The Corner Chronicle
Chimacum, Washington, Tuesday October 16, 2018
Tamworth “Grizzlies” on Chimacum’s BarDan Farm
June 20th, 2013 by Katy McCoy
photo of a Tamworth with a dirty nose and nice eyebrows!

It’s official, Tamworths love Chimacum, are moving here in droves, and raising their young.  To the joy of all bacon lovers, they are also crowding their way into the Corner’s “MEAT FROM HERE” locker.  “What is a Tamworth?” you ask.

The Tamworth is an old heritage breed hog descended from “Irish Grazers”, an ancient European pig domesticated from wild boars that retained their ability to graze and thrive in woodlands.  In 1812 a wise Englishman recognized their commercial value and imported a herd to his estate in Tamworth of Staffordshire England.  The herd was bred with several hardy feral English breeds to produce the Tamworth, also referred to as the “Mahogany” or “Grizzly” because of their reddish color and generalized hairiness.

photo of Tamworth patiently standing while nursing ten piglets

Impressive mothering skills.

Known for their long legs, long snout, and extra long torso (don’t forget torso = bacon), they are healthy, friendly, and more self-sufficient than other pigs with abilities to graze on grass, “open gestate” and nurture their offspring.  These characteristics lessen their need for expensive containment and food. Combine this with their adaptation to northern climes and you’ve got an ideal easy-to-maintain pig for the small Northwest farmer.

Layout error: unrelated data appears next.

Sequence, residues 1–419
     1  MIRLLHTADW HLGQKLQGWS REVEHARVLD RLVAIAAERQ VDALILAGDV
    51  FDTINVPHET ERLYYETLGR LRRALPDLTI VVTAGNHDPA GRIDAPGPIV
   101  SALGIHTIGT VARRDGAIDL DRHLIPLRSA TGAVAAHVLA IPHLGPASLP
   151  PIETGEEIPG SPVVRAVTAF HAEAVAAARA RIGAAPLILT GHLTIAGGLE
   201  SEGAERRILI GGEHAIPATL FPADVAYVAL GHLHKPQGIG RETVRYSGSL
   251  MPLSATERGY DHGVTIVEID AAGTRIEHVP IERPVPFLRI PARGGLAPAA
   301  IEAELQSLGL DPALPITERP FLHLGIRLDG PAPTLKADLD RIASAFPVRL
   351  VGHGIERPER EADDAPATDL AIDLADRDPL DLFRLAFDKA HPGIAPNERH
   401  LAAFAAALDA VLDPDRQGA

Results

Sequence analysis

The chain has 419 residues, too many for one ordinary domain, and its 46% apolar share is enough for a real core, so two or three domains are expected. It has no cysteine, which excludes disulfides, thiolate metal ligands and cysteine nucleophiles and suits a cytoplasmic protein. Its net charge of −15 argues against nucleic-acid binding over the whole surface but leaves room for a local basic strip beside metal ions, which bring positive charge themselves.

And that brings us to the BarDan Farm where Barb and Dan Cutts have lived off the grid on a forested ridge high above Discovery Bay since 1998. They are the Corner’s new pork providers.

To get to their modest but fabulous 8.5 acre abode, one needs to journey 2 miles up a steep winding logging road.  The views unfold behind you, and a large solar panel greets you.  Several forest patches have been lovingly cleared of forest and salmonberry and have been planted with pasture, turnips and fodder beets. Wandering about are chickens, Cashmere goats, and now… pigs!

photo of Barb and Dan by their large solar panel

Barb and Dan Cutts greet us at their wind and solar powered BarDan Farm.

With fourteen years of hard work under their belts, the Cutts dream of the day they’ll be able to support themselves by living off BarDan Farm without outside jobs.  Dan, a Navy Veteran, spent most of his life traveling the world and was deeply inspired whenever he saw farmers coaxing large amounts of food from small plots of land.  Barb grew up in a family that grew and preserved their own food and has always worked jobs relating to agriculture.

They haven’t reached their dream of complete self-sufficiency yet.  Dan works full-time at a mill in Port Angeles, but Barb spends all her time on the farm tending animals, gardening and working on fencing.  Come weekends, their idea of a good time together is clearing bush.  So how to go that last distance and free up Dan once and for all?

Maybe pigs are the answer, Tamworth pigs. The Cutts’ thinking was that Tamworths would not only provide a source of income, but could majorly pitch in and help with the land-clearing duties.  They bought a breeding pair, and named them after Barb’s grandparents, Mema and Papaw, hoping that the real Mema and Papaw’s sweet dispositions would somehow transfer over. They did.